Neo-Nazi group sets up camp in Spanish village
Monday 15 November 1999
The disturbing story behind the development is that Los Pedriches has been bought by an international neo-Nazi group, which has its headquarters in Britain, as a base for fascist and racist indoctrination and planning.
The purchase has been made with the help of a London charity, St Michael the Archangel, which falsely claims to be linked to the Roman Catholic Church but has been exposed recently as a front for an underground right-wing group, the International Third Position, which is monitored by Scotland Yard's Special Branch.
Roberto Fiore, an Italian living in London, is one of its leaders. He was sentenced to nine years in absentia in Italy for organising the fascist group NAR, reduced on appeal to three years. He was questioned about the 1980 bombing of Bologna rail station which killed 85 people, but has been cleared of involvement. Another of the group's leaders is Nick Griffin, of the British National Party.
The ITP, whose symbol is the Celtic Cross, is virulently anti-Semitic, describing Jews as "the plague" and advocating the destruction of Israel. It opposes divorce, and supports the repatriation of ethnic minorities from Europe and making homosexuality a criminal offence.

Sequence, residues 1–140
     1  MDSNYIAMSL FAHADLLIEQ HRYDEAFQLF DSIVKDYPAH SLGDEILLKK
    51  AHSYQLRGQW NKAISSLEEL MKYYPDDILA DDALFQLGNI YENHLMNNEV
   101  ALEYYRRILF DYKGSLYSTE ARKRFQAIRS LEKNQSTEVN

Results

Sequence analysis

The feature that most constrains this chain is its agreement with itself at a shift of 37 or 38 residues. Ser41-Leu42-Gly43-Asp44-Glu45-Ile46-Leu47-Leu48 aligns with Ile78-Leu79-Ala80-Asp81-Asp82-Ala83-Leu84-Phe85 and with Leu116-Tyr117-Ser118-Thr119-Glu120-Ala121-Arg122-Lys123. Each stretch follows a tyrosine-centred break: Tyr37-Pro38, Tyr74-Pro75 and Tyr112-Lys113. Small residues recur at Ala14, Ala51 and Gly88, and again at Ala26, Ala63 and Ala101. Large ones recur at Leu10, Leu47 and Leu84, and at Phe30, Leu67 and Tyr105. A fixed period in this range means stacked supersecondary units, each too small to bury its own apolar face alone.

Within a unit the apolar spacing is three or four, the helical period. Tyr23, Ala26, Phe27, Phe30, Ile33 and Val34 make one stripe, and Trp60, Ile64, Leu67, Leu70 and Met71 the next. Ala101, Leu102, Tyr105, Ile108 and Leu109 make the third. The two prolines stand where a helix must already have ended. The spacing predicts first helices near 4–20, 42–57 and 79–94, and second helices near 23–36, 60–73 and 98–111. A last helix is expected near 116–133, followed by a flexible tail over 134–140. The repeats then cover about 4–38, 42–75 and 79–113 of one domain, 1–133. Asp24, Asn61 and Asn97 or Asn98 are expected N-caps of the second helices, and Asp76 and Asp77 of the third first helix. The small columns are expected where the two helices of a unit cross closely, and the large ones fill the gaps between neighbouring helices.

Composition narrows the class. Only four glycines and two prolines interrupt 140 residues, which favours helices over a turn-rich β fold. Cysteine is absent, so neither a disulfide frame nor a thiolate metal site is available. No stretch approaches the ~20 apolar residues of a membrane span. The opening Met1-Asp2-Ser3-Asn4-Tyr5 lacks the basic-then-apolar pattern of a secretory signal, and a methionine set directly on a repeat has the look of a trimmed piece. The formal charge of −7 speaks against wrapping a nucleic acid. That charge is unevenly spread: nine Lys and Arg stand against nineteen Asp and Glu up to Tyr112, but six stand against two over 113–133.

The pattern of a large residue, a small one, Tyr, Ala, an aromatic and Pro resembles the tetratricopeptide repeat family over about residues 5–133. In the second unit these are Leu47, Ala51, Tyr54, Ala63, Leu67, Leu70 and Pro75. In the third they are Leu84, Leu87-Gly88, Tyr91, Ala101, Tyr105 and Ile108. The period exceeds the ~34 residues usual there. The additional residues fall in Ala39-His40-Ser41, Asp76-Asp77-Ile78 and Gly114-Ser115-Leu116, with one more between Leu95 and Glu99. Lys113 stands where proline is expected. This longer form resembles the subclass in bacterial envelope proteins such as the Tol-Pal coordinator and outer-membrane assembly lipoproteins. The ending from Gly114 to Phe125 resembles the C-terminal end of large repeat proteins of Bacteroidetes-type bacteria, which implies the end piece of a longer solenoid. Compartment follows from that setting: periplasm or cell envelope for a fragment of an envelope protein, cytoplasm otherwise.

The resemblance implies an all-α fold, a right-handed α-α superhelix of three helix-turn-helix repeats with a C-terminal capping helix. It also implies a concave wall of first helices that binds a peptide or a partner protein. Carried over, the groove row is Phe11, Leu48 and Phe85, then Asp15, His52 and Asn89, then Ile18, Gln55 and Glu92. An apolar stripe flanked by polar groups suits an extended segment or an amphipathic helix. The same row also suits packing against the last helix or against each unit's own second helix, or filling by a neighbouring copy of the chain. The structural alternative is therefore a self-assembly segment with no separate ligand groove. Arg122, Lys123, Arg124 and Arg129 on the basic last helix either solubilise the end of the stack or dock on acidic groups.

Some funds from St Michael the Archangel have been channelled to the Los Pedriches project, advertised on the Internet as a haven where "nationalists" from all over Europe can be part of a "new order" and inner-city children can be taught to stop "talking, walking and acting like blacks".
The ITP had tried in the past to buy ruined properties in Aragon, but was stopped by local authorities. A government official in Aragon recalls meeting young Britons and Spaniards carrying Nazi symbols making inquiries to buy villages near the town of Huesca.
The former owners of the properties in Los Pedriches are apparently unaware of the identity of those they sold to.
At present, three Britons and a Pole live in the project. A resident at a nearby village said: "Last Easter and summer more than 30 people came in cars. They were from different countries. They went into the woods as if they were explorers. They had a lot of money, but no one knows where they got the money from. It is very strange."
Accounts of St Michael the Archangel reveal that pounds 7,000 has been sent to the project.
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